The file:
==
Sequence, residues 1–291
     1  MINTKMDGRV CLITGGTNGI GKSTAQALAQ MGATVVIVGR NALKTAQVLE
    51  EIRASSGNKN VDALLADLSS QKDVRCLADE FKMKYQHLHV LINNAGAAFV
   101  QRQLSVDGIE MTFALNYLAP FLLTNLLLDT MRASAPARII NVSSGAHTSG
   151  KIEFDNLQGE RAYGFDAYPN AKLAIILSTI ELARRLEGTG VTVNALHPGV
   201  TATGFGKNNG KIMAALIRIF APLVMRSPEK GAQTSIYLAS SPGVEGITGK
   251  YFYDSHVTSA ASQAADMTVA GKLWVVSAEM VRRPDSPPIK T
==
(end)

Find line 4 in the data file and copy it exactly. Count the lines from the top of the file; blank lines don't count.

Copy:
   101  QRQLSVDGIE MTFALNYLAP FLLTNLLLDT MRASAPARII NVSSGAHTSG